By means of the present invention it has also been found that fibrous cellulosic material treated with titanium chloride and soluble phosphate retain flame resistance after laundering. The laundering is carried out in a tumbling chamber with 0.5% neutral soap solution at 70 C. When the preferred method of this invention is employed utilizing the combination of titanium and antimony compounds as described, the superior flame and glow resistant characteristics are retained even after repeated laundering. After 6 launderings, for instance, results are almost equal to those before laundering.
These results are compared in Table II with the results obtained from a well-known treating agent which consists of a mixture of borax, boric acid and diammonium hydrogen phosphate.
Table II A fibrous cellulosic material treated with a solution of titanium chloride and soluble phosphate retains a useful measure of flame resistant properties upon laundering. However, when the cellulosic material is treated with a combination of agents, that of a solution of tetravalent titanium chloride, soluble phosphate, and antimony chloride, the flame and glow resistant characteristics are maintained after repeated laundering. In addition to its favorable efiects upon flame and glow resistance the antimony chloride appears to have a beneficial effect upon the resistance of the titanium compounds to removal by laundering.
Recoveries of both titanium and antimony values are substantially 100% during processing. The amounts of titanium and antimony originally absorbed on the fibrous cellulosic material are equal to the amounts retained in the final material after processing.
When the titanium values are present in cellulosic materials in substantially opaque form the treated material has an unpleasant, chalky tone and a white dust may be continually removed from the surface. When the process of this invention is employed, however, the titanium values are fixed in the material in a form which does not substantially alter the appearance or texture of the material. The treatment process is simple, convenient and economical to use. By employment of this invention fibrous celluby the examples shown it is not intended to be strictly limited thereto and other modifications and variations ma be employed within the scope of the following claims.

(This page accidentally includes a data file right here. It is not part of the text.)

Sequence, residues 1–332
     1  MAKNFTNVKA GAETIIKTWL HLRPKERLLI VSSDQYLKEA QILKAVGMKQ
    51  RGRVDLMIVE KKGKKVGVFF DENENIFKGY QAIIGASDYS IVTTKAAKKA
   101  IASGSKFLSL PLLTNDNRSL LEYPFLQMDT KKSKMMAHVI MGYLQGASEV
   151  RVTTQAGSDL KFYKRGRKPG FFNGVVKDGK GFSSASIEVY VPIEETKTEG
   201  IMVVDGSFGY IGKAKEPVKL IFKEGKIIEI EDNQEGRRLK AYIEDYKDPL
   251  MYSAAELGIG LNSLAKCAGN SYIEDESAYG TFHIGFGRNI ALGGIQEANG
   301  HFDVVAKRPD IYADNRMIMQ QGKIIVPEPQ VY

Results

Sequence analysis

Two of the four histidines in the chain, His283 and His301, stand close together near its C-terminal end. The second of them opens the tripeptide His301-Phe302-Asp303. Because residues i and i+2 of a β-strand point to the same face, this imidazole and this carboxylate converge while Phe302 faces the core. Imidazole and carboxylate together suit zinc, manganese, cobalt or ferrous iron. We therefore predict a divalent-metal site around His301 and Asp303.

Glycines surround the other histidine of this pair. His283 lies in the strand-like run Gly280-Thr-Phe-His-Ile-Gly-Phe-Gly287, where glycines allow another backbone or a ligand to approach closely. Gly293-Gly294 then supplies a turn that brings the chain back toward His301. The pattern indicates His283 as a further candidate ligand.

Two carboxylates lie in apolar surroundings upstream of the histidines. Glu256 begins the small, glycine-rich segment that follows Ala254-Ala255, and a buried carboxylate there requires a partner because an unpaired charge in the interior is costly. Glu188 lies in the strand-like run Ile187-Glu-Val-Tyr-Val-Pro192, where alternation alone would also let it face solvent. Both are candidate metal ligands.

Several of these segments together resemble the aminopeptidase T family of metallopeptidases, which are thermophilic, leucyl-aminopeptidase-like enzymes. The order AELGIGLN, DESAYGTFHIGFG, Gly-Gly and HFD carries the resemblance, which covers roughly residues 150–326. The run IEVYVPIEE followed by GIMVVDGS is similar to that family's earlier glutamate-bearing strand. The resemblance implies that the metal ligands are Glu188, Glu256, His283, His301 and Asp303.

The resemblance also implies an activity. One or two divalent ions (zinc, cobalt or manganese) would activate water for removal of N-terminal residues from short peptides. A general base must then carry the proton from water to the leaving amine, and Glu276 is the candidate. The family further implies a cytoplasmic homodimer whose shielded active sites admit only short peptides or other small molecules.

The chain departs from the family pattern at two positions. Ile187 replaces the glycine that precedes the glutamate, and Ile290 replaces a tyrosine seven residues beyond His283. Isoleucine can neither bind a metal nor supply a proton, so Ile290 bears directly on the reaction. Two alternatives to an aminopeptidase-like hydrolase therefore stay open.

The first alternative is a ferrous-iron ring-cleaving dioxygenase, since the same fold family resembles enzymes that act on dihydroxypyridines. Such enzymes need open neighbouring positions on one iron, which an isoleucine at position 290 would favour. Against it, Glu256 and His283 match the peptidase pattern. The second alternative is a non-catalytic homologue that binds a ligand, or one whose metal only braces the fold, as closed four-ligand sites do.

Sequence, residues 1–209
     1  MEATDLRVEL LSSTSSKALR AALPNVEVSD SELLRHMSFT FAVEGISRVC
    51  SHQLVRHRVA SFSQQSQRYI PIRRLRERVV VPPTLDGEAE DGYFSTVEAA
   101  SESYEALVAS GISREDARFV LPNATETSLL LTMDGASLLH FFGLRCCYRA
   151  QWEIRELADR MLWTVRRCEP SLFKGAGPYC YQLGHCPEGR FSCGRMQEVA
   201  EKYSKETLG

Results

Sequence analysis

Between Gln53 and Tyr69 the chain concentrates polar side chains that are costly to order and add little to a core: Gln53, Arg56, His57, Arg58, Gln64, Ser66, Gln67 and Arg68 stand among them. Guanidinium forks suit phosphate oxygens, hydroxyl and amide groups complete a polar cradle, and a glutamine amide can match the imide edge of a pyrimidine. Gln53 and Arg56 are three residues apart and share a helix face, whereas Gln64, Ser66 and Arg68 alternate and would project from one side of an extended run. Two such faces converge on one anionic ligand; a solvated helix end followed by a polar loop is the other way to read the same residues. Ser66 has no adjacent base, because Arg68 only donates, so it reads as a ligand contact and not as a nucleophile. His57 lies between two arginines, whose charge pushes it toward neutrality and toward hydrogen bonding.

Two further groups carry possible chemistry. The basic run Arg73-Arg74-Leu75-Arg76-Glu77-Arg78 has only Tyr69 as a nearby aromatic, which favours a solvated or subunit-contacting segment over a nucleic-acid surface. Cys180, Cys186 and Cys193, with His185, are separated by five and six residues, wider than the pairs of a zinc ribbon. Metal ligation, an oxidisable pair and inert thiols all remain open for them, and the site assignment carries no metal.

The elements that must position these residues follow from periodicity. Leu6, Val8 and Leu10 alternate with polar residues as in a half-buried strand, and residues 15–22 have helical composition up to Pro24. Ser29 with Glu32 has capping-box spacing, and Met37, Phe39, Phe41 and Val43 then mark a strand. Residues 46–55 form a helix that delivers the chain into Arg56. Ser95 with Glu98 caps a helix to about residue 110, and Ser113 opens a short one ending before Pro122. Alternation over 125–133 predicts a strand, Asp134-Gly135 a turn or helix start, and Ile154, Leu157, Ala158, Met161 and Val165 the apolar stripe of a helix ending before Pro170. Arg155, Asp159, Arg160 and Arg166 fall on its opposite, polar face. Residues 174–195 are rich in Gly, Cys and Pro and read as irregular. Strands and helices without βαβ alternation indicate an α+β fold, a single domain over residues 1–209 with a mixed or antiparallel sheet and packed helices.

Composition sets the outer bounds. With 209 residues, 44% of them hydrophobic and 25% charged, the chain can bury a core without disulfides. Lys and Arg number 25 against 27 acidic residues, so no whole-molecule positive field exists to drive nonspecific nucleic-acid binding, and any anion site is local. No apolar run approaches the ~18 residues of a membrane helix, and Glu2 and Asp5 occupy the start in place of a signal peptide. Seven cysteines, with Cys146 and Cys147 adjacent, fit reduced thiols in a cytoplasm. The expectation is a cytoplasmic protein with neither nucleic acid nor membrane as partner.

1. An aqueous phosphate stabilized titanium solutior useful for treatment of fibrous cellulosic materials to impart flame-resistance thereto and capable of being storec for extended periods of time without deterioration comprising: an admixture of tetravalent titanium chloride and a soluble inorganic phosphate, the titanium of said titanium chloride being present in amount from about 50 tc 150 grams per liter and the chloride of said titanium chloride being present in amount from about 1.3 to about 2.C parts for each part of titanium, said soluble inorganic phosphate being present in said solution in amount from about 0.02 to about 0.17 part phosphorous for each part of titanium.
2. An aqueous phosphate stabilized titanium solution, useful for treatment of fibrous cellulosic materials to impart flame resistance thereto and capable of being stored for extended periods of time without deterioration comprising: an admixture of tetravalent titanium chloride, a
" soluble inorganic phosphate, and antimony trichloride,
losic materials may be treated to render them permanently the titanium of said titanium chloride being present in amount from about 50 to about 150 grams per liter, and the chloride of said titanium chloride being present in amount from about 1.3 to about 2.0 parts per each part of titanium in addition to the chloride content of the antimony trichloride, said soluble inorganic phosphate being present in said solution in amount from about 0.02 to about 0.17 part phosphorous for each part of titanium, and said antimony trichloride being present in amount from about 1.4 to about 4 parts antimony for each part of titanium.
References Cited in the file of this patent UNITED STATES PATENTS 1,804,633 McKee May 12, 1931 1,945,714 Winogradow Feb. 6, 1934 2,128,296 Baker et a1. Aug. 30, 1938 2,413,146 Larson Dec. 24, 1946 2,461,302 Truhlar et al Feb. 8, 1949 2,570,566 Lane et al Oct. 9, 1951